3. Record observations in 5-minute intervals for about 20 – 30 minutes. Include sketches and photos at each interval. You may try 30-second video segments, too. Try to make a time lapse record.
  4. Turn the water off after 20 – 30 minutes. Discuss the similarities or differences between the two models. Did each model have the same result? How did each landscape influence the course of the river? How were the results different or the same, compared to the flat and inclined model?

What’s Happening?
If you’ve been in mountains and seen a spectacular waterfall, you probably were looking at the beginning of a river. Most rivers begin on top of mountains where water from rain or melting snow collects. Under the influence of gravity, this water flows downhill to form brooks, streams or rivers. As the stream or river flows downhill, it can change the landscape by eroding rocks and depositing sediments.

Some observations that can be made by comparing both models are:

  • The speed of the water flowing downhill will be affected by the degree of incline, and any structures or topographical features in its path.
  • The faster the water flows, the more erosion occurs.
  • Water flowing downhill moves and deposits sand at the bottom of the river. The faster the water flows, the more sand will be deposited at the bottom. A delta at the mouth of a river forms in the same way.

Although the formation of the “rivers” in this activity appeared very quickly, in reality rivers can take millions to billions of years to form a path from land to sea.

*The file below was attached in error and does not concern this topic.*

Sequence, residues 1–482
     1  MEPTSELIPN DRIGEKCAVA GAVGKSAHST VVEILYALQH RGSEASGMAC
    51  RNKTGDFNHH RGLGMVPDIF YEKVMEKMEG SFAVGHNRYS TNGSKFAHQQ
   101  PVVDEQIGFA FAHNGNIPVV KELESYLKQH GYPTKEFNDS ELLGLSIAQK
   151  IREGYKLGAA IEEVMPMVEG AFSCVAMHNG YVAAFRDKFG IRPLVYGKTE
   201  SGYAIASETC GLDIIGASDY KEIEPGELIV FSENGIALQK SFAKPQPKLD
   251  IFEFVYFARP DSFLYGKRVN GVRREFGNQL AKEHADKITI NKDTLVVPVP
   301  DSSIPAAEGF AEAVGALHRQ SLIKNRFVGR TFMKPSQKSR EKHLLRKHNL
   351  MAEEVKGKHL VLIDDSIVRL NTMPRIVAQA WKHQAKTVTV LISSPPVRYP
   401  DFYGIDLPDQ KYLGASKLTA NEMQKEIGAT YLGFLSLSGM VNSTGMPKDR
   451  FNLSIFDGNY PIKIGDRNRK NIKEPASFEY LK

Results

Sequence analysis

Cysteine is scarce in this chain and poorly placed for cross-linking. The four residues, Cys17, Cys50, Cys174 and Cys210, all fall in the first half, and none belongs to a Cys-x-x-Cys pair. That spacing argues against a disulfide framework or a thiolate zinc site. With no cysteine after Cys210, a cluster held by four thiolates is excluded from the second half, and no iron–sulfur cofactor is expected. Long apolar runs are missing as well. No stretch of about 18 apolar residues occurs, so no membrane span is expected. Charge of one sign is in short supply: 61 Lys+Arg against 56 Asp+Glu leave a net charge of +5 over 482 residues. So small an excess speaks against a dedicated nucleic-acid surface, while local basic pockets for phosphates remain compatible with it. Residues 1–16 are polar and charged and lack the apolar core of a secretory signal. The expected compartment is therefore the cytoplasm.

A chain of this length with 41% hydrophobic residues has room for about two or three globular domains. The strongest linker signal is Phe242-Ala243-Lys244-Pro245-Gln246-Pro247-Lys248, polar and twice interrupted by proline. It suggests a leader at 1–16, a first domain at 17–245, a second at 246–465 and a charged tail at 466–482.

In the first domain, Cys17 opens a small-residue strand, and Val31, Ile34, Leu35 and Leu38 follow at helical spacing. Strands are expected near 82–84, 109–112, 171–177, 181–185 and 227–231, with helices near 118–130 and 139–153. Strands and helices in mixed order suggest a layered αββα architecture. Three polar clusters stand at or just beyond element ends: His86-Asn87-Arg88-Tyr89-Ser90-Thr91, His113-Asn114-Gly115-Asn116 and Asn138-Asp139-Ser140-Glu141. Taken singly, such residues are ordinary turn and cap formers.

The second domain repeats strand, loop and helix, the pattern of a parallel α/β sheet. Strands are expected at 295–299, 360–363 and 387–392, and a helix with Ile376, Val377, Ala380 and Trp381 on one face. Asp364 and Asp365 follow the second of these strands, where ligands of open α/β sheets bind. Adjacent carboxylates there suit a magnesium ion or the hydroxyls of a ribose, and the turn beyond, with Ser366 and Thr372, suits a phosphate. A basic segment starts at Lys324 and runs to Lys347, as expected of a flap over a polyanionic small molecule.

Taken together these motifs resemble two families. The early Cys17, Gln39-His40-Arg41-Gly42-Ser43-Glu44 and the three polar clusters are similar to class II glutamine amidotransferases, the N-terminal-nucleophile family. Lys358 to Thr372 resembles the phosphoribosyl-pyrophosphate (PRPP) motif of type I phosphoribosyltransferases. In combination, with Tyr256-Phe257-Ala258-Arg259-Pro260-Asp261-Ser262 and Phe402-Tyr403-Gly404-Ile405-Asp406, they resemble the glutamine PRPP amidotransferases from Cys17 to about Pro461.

More Discussion

  • How would the river formation be affected if the water continued to flow for one hour, two hours or three hours?
  • How would the river formation or pattern be affected if the sand were replaced with soil?
  • How can the stream table be used to simulate a landslide? What variables could be changed to induce a landslide?
  • What are some kinds of man-made structures or human activities that can affect a river system? Name rivers in India and in home countries that are being affected in these ways.
  • Name an important Indian and and important home country river that does not originate in mountains.

On Friday–Prepare for Presentation to take place the week after break.

Presentation:

You and your group will need to decide how to illustrate, describe, and explain your stream simulation investigation in a multimedia presentation. Judicious use of photos, videos, diagrams, graphs, and data are an important part of the presentation. Be sure to attend to the following:

  • Experimental methods
  • Control of variables
  • Repeated trials
  • Observables (descriptive, quantitative—counts and measures)
  • Analysis and Interpretation
  • Explaining the observed simulated river landforms—their origin and development–principles and mechanisms of the effect of flowing water on the landscape and the effect of the landscape on the way water flows)
  • Links to actual river landforms
  • Tests of the explanations (evidence is gathered to support or challenge explanations)
  • Organization and display of data
  • Clarity, completeness, and accuracy of the presentation
  • Big ideas—significance of watershed to the water cycle; importance of people understanding watersheds with regard to human impact on the environment

About rfrazier